The Canadian permafrost is melting. But don’t panic. Or rather don’t panic any more than necessary. Unfortunately it was always going to melt, and we, like the Great Barrier Reef, were always going to die. But of course in narrative, timing is everything.
The permafrost wasn’t supposed to thaw out and release apocalyptic mega tonnages of frozen greenhouse gases and excitingly biblical swarms of primeval bacteria, viruses and unknowable deadly contagions for at least another seventy years.
Oh well. At least we got to finish Game of Thrones, even if poor George Double R Martin probably won’t.
Our real world, and its certainties, like Martin’s late stage Westeros, are in violent derangement and collapse. And not just the world of real things – of melting tundra and bleaching coral – but the imagined world and the life of the mind as well. Newspapers and magazines close every day. The venerable and ancient trade of book publishing is beset on all sides by the tyranny of the new. We live within the Chinese curse of interesting times. Times that will test our humanity. And it is a righteous certainty that at times our humanity will fail us, and we will fail it. Nuance, balance, consideration seem daily to fall before a crude ugliness of thought and deed. The best lack all conviction, while the worst are full of passionate intensity. Especially on Twitter. But who are these worst? Them or us? I am afraid a revelation is at hand. We are all of us the worst when we do not listen to each other. Human beings seek meaning in the world. It is what makes us human. It is our glory and our curse. And we find that meaning most often in the stories we tell about the world. Storytellers, the curators of meaning, have held a special place in all cultures through all time. Not always to their own advantage. There is a reason the dictator, his arse freshly planted upon the golden presidential throne, sends his secret policeman after the writers and artists and journalists first.
If he’s a smart dictator he knows that in the long run they are likely to give him a hell of a lot more trouble than any disaffected colonels or generals. The latter can be bought off, co-opted into the regime. The writer and the artist, the grubbing and persistent reporter with her little notepad and her difficult, uncomfortable questions. Well … they’re difficult.
Better then to denounce them as enemies of the people. Or to set the dogs onto them, under the power and provisions of, say, the Crimes Act of 1914, particularly as it relates to allegations of publishing classified and quite frankly embarrassing material.
This year the festival will ask whether these are narratives we need to change, but that is not such a simple question, because narratives are resistant to change. Narratives, which is just a fancy writer word for stories, contend with each other to define the meaning of the world. It’s why people will fight for their particular stories. Power grows from them. And that’s why it seems at times today that we lack not simply common and accepted meanings, but even a language with which to seek them. Without that common language, there can be no shared meaning, and without that common understanding of reality we will remain alien to each other.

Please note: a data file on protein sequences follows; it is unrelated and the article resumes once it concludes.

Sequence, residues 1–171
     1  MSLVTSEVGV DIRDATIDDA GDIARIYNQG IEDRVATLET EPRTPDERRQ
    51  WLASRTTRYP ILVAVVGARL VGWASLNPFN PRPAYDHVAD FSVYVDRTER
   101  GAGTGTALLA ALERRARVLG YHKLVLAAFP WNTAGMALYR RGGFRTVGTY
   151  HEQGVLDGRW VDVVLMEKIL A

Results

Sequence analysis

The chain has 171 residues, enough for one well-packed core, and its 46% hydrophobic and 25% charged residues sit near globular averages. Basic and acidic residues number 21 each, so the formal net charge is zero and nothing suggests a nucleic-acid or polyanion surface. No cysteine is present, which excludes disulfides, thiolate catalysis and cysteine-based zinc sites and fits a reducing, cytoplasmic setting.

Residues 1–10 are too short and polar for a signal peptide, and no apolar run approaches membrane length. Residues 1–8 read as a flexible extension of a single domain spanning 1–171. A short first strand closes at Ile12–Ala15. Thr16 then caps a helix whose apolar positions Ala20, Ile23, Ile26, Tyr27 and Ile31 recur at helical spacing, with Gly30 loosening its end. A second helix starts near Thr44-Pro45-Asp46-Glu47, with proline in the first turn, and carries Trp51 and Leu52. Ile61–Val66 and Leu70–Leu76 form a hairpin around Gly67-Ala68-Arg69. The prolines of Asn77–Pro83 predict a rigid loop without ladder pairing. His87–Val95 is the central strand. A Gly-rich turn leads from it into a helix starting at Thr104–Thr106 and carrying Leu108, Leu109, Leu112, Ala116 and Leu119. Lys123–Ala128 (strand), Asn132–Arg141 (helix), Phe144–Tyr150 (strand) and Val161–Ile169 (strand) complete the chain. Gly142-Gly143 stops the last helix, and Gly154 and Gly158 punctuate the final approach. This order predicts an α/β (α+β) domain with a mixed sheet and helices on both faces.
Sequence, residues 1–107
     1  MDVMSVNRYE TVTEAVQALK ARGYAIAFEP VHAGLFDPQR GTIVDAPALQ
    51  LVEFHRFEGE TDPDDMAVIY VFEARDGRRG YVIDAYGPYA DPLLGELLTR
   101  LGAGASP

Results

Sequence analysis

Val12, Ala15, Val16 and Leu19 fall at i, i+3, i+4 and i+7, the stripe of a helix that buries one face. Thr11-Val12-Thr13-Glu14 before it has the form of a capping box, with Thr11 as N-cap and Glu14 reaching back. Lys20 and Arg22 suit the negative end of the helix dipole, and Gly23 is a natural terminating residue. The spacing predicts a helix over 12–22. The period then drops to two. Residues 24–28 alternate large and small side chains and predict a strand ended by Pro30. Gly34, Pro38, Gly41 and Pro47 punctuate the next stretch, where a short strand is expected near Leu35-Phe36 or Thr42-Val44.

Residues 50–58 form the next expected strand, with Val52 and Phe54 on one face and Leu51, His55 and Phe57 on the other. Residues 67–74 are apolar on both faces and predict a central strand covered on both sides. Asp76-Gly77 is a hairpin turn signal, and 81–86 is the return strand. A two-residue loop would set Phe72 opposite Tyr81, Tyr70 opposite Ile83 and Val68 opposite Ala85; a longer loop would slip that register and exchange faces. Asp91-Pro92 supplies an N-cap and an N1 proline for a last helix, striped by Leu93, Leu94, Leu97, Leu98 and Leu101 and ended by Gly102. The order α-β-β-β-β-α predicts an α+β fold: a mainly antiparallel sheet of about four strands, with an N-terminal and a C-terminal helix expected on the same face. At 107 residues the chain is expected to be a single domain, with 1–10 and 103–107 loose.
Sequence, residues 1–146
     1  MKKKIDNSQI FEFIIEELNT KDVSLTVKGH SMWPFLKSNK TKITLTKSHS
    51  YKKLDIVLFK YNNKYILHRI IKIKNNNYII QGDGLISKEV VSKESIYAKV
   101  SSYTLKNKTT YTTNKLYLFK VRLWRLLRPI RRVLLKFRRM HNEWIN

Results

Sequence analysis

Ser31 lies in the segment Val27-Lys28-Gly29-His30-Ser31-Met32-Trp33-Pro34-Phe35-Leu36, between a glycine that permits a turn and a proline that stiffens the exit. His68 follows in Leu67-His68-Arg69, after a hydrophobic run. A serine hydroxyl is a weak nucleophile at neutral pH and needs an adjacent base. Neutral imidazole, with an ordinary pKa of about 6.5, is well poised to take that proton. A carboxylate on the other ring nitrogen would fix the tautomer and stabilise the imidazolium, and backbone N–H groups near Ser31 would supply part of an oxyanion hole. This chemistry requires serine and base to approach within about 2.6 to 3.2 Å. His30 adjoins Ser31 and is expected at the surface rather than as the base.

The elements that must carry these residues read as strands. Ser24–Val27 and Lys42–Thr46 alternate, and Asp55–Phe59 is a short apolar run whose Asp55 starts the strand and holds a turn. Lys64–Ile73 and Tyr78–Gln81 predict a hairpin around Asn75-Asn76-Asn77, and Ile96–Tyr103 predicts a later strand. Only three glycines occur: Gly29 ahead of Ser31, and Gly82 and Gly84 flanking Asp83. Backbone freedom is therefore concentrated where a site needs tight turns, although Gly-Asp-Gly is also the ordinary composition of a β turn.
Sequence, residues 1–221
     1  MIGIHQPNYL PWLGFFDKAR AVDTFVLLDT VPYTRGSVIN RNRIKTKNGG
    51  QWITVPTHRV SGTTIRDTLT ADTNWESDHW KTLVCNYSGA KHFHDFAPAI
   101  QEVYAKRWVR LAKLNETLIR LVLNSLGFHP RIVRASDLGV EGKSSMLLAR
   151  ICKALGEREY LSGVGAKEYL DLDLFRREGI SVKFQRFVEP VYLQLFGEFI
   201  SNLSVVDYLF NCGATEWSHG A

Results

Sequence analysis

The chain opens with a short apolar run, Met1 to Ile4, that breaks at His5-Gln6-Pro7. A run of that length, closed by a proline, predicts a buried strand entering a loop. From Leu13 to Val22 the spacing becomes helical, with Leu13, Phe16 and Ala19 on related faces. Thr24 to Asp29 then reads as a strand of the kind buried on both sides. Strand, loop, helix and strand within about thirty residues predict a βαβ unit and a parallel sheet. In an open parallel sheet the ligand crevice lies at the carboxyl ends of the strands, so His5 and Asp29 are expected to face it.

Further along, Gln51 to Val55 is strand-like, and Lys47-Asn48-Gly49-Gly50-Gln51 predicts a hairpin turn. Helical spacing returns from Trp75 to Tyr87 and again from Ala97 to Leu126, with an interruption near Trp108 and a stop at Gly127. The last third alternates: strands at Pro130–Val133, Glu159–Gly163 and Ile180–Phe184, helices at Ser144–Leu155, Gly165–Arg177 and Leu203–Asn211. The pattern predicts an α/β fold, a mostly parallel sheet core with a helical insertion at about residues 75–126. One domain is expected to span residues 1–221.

We need to find it again and soon. Time grows short.
We just lost another seventy years of wiggle room.
And so events like this festival are important, because they constitute a rare moment when we stop in our headlong rush and think. What is the nature of this thing? What does it mean? What happens next? The reason people come to festivals like this, and they do, all over the world, is because the writers and artists and story tellers here see the world differently to the way the world sees itself, or at least the way it would prefer to be seen. It is almost a form of clarifying madness because to see reality like that is turn your back on the security of an ordered life.
I’m speaking now directly to the writers and artists and curators of meaning here. If you have this madness you will see your friends and contemporaries surpass you in all the banal but essential measures of everyday life. To them go the rewards of accommodation with the way things are. To you, the thin consolations of the road less traveled and the things unseen. But remember it is not about you. It is not about the medium, it is not even about the audience. It is always, always about the story and the meaning. You serve both and through them, humanity. You serve the truth as you discover it. And you should be most skeptical of that truth you most want to hear. But seek it, find it, and take it to the world anyway. People will listen. That’s what they do.
And when they come in September, there will be much to listen to.
I sat on the board of this Festival for a number of years. I know what is involved in putting it together. I commend the efforts of those involved this year to you now. Take up a copy of the program and read it at your leisure, but with one eye on the future.
That’s where we are headed with accelerating urgency.
The known future of the near term, when we’ll meet again in this place, come September. And the unknown future in the years beyond, which perhaps we’ll meet with some hope and certainty if we can just talk with each other in September, and beyond.